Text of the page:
Q: What are the different types of loans? What is the difference between a subsidized loan and an unsubsidized loan?
A: If students have demonstrated need through the financial aid application (FAFSA), they are eligible for a federally subsidized loan, which means that interest does not accrue until the student leaves school. That means that the balance on a $4,000 loan in the freshman year is still $4,000 in the senior year.
There are loan limits on these subsidized loans, and the college awards the loan — not the government or any lender. If students do not qualify for need-based loans, they are still eligible for unsubsidized loans on which interest does accrue right away. So that $4,000 loan balance will grow to about $4,600 by the end of senior year. There are also some state governments that lend to students. And there are many private lenders that offer student loans. Overall, the terms of federal loans are the most favorable for borrowers because of low interest rates, the ability to defer payments, a multitude of repayment plans, and even some loan forgiveness plans. Private lenders cannot offer these benefits.
Q: What are some of the best sites for students to locate scholarships?
A: In general, scholarship search companies use the same database. There are some differences, and some search engines are better than others. No one should ever pay for a scholarship search service, since there are several that are free. Here are a few of the free scholarship search websites: FastWeb, BigFuture, Scholarships, and StudentScholarshipSearch. Personally, I’m keen on the College Board site because of the other services that the College Board site provides.
“It’s a mistake to think the process is too complex and the financial aid application too difficult. That’s just plain wrong.”
Q: What other general college advice — life wisdom here, in essence — would you share with students and parents?
A: Going to college is not just about learning a skill or qualifying for a job. It’s about getting an education and learning critical thinking. That ability, in turn, opens up a world of opportunity for people. We all know the statistics: College graduates do earn, on average, considerably more in their lifetimes than non-college grads. But more importantly, the quality of their lives and their participation in the world community is improved.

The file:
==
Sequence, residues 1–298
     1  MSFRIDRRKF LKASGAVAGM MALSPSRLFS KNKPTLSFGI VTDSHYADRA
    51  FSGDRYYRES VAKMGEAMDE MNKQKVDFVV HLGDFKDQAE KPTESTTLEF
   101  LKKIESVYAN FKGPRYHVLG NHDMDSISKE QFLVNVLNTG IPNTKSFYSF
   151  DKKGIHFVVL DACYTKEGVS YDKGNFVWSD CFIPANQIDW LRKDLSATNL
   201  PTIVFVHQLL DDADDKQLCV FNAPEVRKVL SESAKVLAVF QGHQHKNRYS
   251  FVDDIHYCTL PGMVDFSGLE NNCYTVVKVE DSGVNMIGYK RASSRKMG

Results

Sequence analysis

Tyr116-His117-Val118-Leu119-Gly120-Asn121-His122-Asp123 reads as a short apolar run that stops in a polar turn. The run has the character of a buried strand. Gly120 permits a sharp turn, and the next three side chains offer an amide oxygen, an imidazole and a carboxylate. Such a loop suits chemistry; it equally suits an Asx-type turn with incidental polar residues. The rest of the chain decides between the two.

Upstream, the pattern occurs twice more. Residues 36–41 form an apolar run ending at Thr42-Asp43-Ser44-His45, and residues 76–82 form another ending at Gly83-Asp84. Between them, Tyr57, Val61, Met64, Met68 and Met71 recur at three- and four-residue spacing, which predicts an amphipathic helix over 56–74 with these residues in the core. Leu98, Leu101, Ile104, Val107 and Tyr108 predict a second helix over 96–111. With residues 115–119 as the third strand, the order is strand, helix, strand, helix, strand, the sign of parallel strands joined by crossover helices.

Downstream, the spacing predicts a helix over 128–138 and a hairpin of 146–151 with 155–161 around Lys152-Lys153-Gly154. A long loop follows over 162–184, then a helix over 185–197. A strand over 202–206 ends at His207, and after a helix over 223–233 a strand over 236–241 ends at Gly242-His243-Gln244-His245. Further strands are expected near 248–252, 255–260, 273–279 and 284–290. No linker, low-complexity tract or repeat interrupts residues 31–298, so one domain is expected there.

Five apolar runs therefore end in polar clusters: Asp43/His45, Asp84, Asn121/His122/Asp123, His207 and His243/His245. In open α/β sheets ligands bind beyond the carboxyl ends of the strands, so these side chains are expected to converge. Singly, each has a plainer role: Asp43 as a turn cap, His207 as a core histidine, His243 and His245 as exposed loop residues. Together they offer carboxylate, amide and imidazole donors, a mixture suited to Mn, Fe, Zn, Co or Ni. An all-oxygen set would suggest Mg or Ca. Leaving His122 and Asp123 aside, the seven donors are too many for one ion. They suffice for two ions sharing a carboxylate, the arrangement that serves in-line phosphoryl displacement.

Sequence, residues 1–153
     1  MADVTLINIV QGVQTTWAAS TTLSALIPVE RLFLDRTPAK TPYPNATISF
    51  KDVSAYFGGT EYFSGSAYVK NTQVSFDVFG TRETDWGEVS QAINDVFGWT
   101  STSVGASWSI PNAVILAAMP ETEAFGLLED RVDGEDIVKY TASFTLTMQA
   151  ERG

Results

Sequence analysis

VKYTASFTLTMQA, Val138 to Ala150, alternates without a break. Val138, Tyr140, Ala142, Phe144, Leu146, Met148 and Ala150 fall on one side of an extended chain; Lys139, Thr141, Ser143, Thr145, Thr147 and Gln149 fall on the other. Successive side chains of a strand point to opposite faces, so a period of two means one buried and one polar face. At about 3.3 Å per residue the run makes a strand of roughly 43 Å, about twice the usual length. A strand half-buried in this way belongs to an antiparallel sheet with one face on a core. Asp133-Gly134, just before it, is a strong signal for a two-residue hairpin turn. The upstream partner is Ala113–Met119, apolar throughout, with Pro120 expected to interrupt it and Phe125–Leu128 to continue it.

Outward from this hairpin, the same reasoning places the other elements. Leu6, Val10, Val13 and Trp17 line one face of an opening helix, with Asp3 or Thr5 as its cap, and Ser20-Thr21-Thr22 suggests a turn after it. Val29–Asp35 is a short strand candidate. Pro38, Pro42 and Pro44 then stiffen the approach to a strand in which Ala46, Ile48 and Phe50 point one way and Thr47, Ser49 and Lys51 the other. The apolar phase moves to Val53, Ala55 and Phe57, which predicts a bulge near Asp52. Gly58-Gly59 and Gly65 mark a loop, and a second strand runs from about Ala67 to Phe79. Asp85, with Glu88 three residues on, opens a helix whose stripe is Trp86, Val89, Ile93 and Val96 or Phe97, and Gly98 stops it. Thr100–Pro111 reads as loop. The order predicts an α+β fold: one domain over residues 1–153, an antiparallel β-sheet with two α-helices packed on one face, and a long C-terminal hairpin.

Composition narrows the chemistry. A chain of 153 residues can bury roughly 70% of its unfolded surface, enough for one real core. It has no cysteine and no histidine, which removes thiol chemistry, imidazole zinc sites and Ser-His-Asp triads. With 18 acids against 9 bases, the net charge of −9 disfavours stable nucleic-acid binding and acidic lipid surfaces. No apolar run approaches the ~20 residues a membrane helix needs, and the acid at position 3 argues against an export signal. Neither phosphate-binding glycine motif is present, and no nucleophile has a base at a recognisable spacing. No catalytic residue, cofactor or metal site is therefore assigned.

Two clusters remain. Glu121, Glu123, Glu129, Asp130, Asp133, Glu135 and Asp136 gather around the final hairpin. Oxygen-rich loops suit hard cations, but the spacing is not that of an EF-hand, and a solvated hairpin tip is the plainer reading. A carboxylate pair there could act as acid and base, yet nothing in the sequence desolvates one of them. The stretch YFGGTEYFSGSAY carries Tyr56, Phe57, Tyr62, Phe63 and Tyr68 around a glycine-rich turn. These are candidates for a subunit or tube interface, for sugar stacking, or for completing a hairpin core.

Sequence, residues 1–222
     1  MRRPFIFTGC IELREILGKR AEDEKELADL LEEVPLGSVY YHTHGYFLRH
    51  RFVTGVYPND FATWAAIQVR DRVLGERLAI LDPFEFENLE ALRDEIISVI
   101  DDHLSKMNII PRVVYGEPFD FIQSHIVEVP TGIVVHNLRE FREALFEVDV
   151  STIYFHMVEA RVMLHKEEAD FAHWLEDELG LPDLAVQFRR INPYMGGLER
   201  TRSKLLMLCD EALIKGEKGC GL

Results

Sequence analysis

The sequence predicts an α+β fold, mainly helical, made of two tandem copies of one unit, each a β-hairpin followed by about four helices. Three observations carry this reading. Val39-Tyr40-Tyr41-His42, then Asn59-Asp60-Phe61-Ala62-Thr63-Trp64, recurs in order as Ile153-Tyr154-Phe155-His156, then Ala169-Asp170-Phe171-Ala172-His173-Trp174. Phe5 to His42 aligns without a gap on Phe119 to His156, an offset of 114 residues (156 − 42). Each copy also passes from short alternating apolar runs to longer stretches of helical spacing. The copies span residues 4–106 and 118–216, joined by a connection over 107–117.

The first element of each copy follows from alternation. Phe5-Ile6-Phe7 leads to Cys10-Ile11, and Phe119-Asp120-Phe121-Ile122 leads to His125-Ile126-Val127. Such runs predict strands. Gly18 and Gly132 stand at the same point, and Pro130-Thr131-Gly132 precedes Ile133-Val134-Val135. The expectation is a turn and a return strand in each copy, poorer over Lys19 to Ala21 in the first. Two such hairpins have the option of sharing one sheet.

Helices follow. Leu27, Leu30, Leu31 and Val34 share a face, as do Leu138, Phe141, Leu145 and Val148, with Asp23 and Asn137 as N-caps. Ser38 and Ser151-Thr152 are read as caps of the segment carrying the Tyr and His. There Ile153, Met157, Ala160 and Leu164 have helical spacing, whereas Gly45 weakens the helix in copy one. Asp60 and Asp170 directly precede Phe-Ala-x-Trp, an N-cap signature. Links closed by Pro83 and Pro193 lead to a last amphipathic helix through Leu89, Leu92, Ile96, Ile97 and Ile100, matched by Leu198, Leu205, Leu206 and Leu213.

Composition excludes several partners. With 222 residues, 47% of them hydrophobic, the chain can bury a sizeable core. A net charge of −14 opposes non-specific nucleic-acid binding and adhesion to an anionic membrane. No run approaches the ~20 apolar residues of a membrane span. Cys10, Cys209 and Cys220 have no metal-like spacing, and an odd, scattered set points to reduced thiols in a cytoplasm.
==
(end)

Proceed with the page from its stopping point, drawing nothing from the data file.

College grads are less likely to go on unemployment or rely on income-supported government programs. They vote more, volunteer more, and, most important to me, the children of college-educated parents are more likely to go to college themselves, thus extending the opportunities to future generations.
That said, and being cognizant of the limited resources available to many people, I have no problem with families extending themselves somewhat with loans. The key is to find the appropriate amount that takes into account the student’s ability to repay and doesn’t jeopardize the parents’ retirement. There are no loans for retirement, so parents should not raid those accounts to help their children with college expenses. And students should be aware of how their student loans will affect future choices, whether that’s about the kind of job they choose or whether they will be able to afford a car of a house later on.
But since student debt is such a hot topic, the choice of a loan repayment plan can greatly improve the quality of life of any student loan borrower. There are income-based repayment plans that make it possible for most borrowers to pay off their loans without compromising their quality of life too much. But the key, in my mind, is for borrowers to think carefully before they borrow and to know their options.
Daniel Riseman, founder of Riseman Educational Consulting in Irvington, New York, has been counseling students and working with families for 16 years.